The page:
Well, the appointment took 3.5 hours, but things are moving forward. The ultrasound showed that things have gotten worse for the babies. 10 days ago, the fluid pocket for the baby with too much fluid was 11cm--now it is 18cm. The doppler flow is now abnormal--which means that the staging of severity has progressed from stage I to stage III. This places Jessica in a risk category where laser ablation gives the babies a better chance of surviving than amnioreduction. He said, with what he sees now, the mortality for the babies would be ~100% without any intervention. We discussed at length his experience with the procedure, where he trained, etc. He has a partner in practice who will be there for the procedure as well.
Of concern, Jessica's cervical length has decreased to a worrisome degree. The risk of this is basically premature delivery and represents a separate but related issue. There are interventions that can be done to treat it, but Dr. Watson suggested we just watch it for now. There is some hope (how much I am not sure) that it may reverse once the pressure of too much amniotic fluid is removed.
Specifics about the procedure:
He will call us tomorrow morning to tell us a time, but it will be sometime tomorrow afternoon. Jessica will not be able to eat anything after 6:00 a.m. He said the procedure takes about 40 minutes or so once the scope is in. After giving Jessica some local anesthetic and IV pain medicine/sedation, they will make a small incision in the left lower quadrant of her abdominal wall. The scope will be passed through the abdominal wall and uterus and angled to get a very close look at the vessels. They will "map" the connections between the two babies, then use the laser to ablate the vessels in a specific sequence. When they are done, the scope is removed and the wound closed with a steri strip or a stitch.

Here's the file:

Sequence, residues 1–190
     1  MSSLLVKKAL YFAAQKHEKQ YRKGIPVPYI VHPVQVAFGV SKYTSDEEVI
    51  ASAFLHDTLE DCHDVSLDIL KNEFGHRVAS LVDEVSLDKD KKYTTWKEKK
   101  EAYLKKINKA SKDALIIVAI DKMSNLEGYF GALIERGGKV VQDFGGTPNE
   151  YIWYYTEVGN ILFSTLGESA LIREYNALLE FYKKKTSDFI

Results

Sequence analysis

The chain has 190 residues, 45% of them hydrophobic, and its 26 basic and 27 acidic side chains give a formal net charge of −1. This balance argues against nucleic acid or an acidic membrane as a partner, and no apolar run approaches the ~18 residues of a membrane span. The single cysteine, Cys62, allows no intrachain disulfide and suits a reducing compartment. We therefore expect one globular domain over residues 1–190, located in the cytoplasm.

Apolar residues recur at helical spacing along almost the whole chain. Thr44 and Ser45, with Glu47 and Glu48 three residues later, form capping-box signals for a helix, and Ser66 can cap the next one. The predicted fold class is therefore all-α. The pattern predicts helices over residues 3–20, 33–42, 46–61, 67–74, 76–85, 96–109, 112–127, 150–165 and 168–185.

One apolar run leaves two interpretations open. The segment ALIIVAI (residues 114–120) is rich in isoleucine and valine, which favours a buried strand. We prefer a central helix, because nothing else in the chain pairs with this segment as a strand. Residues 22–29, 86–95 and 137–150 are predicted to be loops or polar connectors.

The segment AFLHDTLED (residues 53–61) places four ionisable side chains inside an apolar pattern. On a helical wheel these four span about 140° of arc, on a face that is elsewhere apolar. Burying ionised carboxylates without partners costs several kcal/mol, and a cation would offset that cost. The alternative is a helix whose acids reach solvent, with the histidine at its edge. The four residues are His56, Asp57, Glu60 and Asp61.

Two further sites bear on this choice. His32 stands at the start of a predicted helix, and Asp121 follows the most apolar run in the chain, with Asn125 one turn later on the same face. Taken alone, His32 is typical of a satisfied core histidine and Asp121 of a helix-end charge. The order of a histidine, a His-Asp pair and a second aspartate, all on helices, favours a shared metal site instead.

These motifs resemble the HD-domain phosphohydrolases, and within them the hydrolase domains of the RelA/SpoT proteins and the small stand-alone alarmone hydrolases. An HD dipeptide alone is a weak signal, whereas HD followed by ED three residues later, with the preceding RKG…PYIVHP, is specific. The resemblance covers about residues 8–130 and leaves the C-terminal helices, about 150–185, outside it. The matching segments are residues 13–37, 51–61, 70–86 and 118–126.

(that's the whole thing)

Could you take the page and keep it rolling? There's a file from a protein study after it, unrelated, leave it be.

When the procedure is done, Jessica will be transferred to the antepartum unit (ie, high-risk OB unit) for an overnight stay. Thursday morning/afternoon, they will recheck the ultrasound. Depending on how things go, we will head home Thursday or Friday.
He reemphasized that in the immediate period following the procedure, there is a higher risk with laser ablation than with amniocentesis. Specifically, there is a higher risk of Jessica's water breaking. If that happens at this point, it is likely we would lose both babies. However, taking this risk is better than doing nothing or only the amnioreduction.
While we are nervous going into this, we feel that this is the right thing to do to give both babies a good chance of not only survival, but also lowering their risk of problems once they are born. Our prayer is that no matter the outcome, we still made the best decision for our babies.
Thank you for continuing to keep us in your prayers. We are so comforted knowing so many people are praying for our little girls.